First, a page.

61 Metabolism

An organism’s metabolism is the sum total of all the chemical reactions that occur within the organism. These chemical reactions fall into two basic categories:

  • Anabolism: building polymers (large molecules that the cell needs).
  • Catabolism: breaking down polymers to release energy.

This means that metabolism is composed of synthesis (anabolism) and degradation (catabolism) (Figure 1).

Figure 1Catabolic pathways are those that generate energy by breaking down larger molecules. Anabolic pathways are those that require energy to synthesize larger molecules. Both types of pathways are required for maintaining the cell’s energy balance.

It is important to know that the chemical reactions of metabolic pathways do not take place on their own. Each reaction step is facilitated, or catalyzed, by a protein called an enzyme. Enzymes are important for catalyzing all types of biological reactions—those that require energy as well as those that release energy. Refer back to the chapter on enzymes if you need a reminder about this topic.

Consider the metabolism of sugar (a carbohydrate). This is a classic example of one of the many cellular processes that use and produce energy. Living things consume sugars as a major energy source, because sugar molecules have a great deal of energy stored within their bonds. For the most part, photosynthesizing organisms like plants produce these sugars. During photosynthesis, plants use energy (originally from sunlight) to convert carbon dioxide gas (CO2) into sugar molecules (like glucose: C6H12O6). They consume carbon dioxide and produce oxygen as a waste product. This reaction is summarized as:

6CO2+ 6H2O–>C6H12O6+ 6O2

Recall from chemistry that the abbreviation “CO2” means “one carbon atom covalently bonded to two oxygen atoms.” Water, “H2O” is two hydrogen atoms covalently bonded to one oxygen atom. And “C6H12O6” has 6 carbon atoms, 12 hydrogen atoms, and 6 oxygen atoms that are covalently bonded together.

structure of CO2
Carbon dioxide (CO2) contains one carbon atom covalently bonded to two oxygen atoms. Credit: wikimedia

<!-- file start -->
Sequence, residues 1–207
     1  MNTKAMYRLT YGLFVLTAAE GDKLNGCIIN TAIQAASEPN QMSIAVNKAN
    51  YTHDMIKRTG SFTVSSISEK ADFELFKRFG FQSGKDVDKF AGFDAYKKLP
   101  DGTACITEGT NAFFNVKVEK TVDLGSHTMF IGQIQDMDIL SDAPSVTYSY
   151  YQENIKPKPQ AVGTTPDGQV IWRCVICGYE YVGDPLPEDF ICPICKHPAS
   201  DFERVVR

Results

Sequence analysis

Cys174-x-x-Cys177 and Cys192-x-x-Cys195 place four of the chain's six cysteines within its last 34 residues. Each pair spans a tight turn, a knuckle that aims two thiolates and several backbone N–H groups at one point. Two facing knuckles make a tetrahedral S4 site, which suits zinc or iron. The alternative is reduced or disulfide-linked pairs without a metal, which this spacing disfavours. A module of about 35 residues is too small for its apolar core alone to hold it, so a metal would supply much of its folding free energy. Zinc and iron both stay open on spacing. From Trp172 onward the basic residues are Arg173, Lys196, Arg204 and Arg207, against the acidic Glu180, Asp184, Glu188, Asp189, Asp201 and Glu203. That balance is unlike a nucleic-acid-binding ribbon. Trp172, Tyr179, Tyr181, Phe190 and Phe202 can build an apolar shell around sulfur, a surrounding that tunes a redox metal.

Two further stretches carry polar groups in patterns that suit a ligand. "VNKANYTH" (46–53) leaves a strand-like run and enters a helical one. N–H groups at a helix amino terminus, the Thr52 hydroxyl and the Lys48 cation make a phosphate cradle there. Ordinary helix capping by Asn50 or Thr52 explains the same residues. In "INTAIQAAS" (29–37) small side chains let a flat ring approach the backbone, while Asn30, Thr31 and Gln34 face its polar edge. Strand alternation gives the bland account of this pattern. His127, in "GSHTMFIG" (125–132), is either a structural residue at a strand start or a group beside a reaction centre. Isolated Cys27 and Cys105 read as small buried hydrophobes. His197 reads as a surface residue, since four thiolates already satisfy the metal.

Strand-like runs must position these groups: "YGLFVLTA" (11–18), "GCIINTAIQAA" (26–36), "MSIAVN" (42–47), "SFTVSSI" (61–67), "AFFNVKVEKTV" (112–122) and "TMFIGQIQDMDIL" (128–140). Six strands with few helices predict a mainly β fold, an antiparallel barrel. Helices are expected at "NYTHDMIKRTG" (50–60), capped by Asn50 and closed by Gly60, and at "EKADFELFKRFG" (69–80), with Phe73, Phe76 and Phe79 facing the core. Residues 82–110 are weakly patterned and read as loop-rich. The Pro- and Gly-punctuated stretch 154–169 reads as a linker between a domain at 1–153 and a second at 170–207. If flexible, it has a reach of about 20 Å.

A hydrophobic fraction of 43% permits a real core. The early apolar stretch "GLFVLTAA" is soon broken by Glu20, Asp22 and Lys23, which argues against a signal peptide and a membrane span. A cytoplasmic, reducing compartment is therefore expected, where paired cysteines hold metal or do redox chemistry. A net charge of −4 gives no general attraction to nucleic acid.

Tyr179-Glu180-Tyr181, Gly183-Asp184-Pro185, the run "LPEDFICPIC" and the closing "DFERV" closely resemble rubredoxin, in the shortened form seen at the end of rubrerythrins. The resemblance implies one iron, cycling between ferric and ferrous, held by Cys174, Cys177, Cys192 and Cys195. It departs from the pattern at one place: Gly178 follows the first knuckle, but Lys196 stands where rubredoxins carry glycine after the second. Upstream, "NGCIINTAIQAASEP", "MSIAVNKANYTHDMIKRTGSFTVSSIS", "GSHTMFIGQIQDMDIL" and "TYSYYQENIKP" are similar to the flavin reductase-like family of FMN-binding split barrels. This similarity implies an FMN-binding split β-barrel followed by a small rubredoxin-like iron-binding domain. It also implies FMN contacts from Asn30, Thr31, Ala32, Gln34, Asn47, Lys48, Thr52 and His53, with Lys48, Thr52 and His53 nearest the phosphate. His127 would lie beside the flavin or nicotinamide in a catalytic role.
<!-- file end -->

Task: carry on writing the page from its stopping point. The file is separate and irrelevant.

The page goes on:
structure of glucose
Glucose contains 6 carbons, 6 oxygens, and 12 hydrogen atoms. Credit: Ben, 2006. Wikimedia.  Public domain.

The process of producing glucose from carbon dioxide and water requires an energy input to proceed because glucose contains more energy in its molecular bonds than carbon dioxide does. This means that the process of producing glucose is endergonic.

In contrast, energy-storage molecules such as glucose are consumed to be broken down to use their energy. The reaction that harvests the energy of a sugar molecule in cells requiring oxygen to survive can be summarized by the reverse reaction to photosynthesis. In this reaction, oxygen is consumed and carbon dioxide is released as a waste product. The reaction is summarized as:

C6H12O6+ 6O2–>6H2O + 6CO2

Both of these reactions involve many steps.

The processes of making and breaking down sugar molecules illustrate two examples of metabolic pathways. A metabolic pathway is a series of chemical reactions that takes a starting molecule and modifies it, step-by-step, through a series of metabolic intermediates, eventually yielding a final product. In the example of sugar metabolism, the first metabolic pathway synthesized sugar from smaller molecules (anabolism), and the other pathway broke sugar down into smaller molecules (catabolism).

References

Unless otherwise noted, images on this page are licensed under CC-BY 4.0 by OpenStax.

Text adapted from: OpenStax, Concepts of Biology. OpenStax CNX. May 18, 2016 http://cnx.org/contents/b3c1e1d2-839c-42b0-a314-e119a8aafbdd@9.10

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